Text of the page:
The Denver Business Journal reports that Colorado's House of Representatives has passed a bill backed by politicial and business leaders who want to build a NASCAR track in Aurora, Colo., which is just east of Denver.
State legislators waged an extensive debate over whether or not the bill was an economic development tool or corporate welfare.
The Journal reports:
Twenty-three Republicans and 23 Democrats backed the measure, while 15 Democrats and four Republicans opposed it.... A main goal of bill backers is bringing a NASCAR track to the Aurora area, but the enterprise zones also could be used to build everything from Winter Olympics facilities to museums that might draw visitors across state borders.
The story continues:
Rep. Jack Pommer, D-Boulder, led the floor fight against the measure Tuesday, saying that the tax revenue that could go to roads or schools around the new development will instead go to out-of-state companies who will siphon business away from local stores and restaurants. But House sponsor Rep. Joe Rice, D-Littleton, argued that a NASCAR track would create the equivalent annual economic impact of four Super Bowls with the number of out-of-state visitors it would bring for a week per race. That boost would spur more jobs and spending in the area and would create an infusion of tax revenues because of it, he said: “I think that NASCAR is probably already aware that we passed this bill,” Rice said after the final vote Wednesday. “As the economy starts to recover ... hopefully they will move quickly.”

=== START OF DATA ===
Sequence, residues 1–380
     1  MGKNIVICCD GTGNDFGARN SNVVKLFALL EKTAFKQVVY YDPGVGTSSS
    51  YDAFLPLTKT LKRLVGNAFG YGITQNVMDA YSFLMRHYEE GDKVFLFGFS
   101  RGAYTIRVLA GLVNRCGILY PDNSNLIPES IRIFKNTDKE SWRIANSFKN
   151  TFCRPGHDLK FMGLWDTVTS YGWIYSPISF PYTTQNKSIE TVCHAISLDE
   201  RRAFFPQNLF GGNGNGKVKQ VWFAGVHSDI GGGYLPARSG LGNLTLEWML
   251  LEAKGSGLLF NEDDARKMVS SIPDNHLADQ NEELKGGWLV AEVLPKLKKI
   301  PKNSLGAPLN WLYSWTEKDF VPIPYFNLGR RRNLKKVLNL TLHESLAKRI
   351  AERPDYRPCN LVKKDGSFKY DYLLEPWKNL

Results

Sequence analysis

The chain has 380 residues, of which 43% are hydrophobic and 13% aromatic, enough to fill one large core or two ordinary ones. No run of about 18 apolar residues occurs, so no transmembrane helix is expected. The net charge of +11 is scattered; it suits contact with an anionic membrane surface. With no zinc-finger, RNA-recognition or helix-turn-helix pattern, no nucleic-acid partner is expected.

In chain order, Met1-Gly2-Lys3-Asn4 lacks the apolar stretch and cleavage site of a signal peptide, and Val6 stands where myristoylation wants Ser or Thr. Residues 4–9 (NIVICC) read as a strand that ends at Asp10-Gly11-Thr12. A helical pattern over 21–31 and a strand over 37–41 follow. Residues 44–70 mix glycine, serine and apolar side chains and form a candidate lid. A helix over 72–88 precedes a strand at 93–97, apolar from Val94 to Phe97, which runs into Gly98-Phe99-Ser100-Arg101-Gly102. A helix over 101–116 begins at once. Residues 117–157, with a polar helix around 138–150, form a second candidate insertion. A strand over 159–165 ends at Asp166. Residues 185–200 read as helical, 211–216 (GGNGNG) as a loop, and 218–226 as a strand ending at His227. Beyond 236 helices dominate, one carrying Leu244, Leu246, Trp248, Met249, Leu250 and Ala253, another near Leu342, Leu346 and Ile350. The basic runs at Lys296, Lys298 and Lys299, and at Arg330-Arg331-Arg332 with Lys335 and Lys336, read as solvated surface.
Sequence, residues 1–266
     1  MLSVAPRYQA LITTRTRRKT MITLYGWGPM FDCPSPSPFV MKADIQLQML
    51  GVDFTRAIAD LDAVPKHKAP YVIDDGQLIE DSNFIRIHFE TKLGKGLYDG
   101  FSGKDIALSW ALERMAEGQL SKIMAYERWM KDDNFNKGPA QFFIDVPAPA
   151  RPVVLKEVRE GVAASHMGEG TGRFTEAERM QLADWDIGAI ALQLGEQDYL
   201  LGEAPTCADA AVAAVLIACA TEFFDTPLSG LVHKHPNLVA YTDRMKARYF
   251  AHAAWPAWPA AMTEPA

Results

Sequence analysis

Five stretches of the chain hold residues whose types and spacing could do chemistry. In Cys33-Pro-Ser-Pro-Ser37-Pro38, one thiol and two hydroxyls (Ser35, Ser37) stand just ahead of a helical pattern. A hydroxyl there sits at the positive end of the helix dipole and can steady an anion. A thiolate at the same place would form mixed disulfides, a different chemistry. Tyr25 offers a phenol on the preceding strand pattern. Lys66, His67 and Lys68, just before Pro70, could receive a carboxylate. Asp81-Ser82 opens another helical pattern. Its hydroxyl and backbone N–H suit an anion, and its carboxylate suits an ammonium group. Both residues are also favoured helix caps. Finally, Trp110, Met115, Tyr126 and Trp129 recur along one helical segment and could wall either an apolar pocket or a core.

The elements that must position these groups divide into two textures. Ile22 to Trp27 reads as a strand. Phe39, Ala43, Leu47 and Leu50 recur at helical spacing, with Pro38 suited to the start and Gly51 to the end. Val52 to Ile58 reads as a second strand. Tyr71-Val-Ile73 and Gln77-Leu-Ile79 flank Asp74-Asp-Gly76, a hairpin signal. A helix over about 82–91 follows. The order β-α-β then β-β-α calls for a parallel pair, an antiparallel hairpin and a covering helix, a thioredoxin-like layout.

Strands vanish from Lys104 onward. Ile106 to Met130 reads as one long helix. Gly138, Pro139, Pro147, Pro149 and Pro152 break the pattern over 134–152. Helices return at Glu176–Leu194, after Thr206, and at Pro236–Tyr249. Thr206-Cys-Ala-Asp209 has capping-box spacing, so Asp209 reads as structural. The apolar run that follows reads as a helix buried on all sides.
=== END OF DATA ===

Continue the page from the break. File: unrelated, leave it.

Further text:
The bill is now headed back to the state Senate.
The Denver Post reported in 2007 that the new track would likely be one mile or shorter, differentiating it from the 1.5 mile tracks that have been built in recent years.